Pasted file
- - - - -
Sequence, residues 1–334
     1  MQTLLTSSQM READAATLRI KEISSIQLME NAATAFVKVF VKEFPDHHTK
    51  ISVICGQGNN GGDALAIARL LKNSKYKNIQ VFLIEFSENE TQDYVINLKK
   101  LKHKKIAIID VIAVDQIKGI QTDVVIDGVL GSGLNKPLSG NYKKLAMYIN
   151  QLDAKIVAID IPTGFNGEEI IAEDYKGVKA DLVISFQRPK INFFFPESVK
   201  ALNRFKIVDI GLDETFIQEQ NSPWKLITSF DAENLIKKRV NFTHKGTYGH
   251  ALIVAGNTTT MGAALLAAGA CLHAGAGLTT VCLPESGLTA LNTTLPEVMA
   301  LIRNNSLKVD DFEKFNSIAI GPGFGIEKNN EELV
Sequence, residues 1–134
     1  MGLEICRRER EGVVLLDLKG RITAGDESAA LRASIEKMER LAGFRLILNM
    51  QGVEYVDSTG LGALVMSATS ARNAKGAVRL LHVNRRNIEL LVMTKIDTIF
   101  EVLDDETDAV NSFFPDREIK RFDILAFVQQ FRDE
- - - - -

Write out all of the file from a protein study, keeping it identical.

Sequence, residues 1–334
     1  MQTLLTSSQM READAATLRI KEISSIQLME NAATAFVKVF VKEFPDHHTK
    51  ISVICGQGNN GGDALAIARL LKNSKYKNIQ VFLIEFSENE TQDYVINLKK
   101  LKHKKIAIID VIAVDQIKGI QTDVVIDGVL GSGLNKPLSG NYKKLAMYIN
   151  QLDAKIVAID IPTGFNGEEI IAEDYKGVKA DLVISFQRPK INFFFPESVK
   201  ALNRFKIVDI GLDETFIQEQ NSPWKLITSF DAENLIKKRV NFTHKGTYGH
   251  ALIVAGNTTT MGAALLAAGA CLHAGAGLTT VCLPESGLTA LNTTLPEVMA
   301  LIRNNSLKVD DFEKFNSIAI GPGFGIEKNN EELV
Sequence, residues 1–134
     1  MGLEICRRER EGVVLLDLKG RITAGDESAA LRASIEKMER LAGFRLILNM
    51  QGVEYVDSTG LGALVMSATS ARNAKGAVRL LHVNRRNIEL LVMTKIDTIF
   101  EVLDDETDAV NSFFPDREIK RFDILAFVQQ FRDE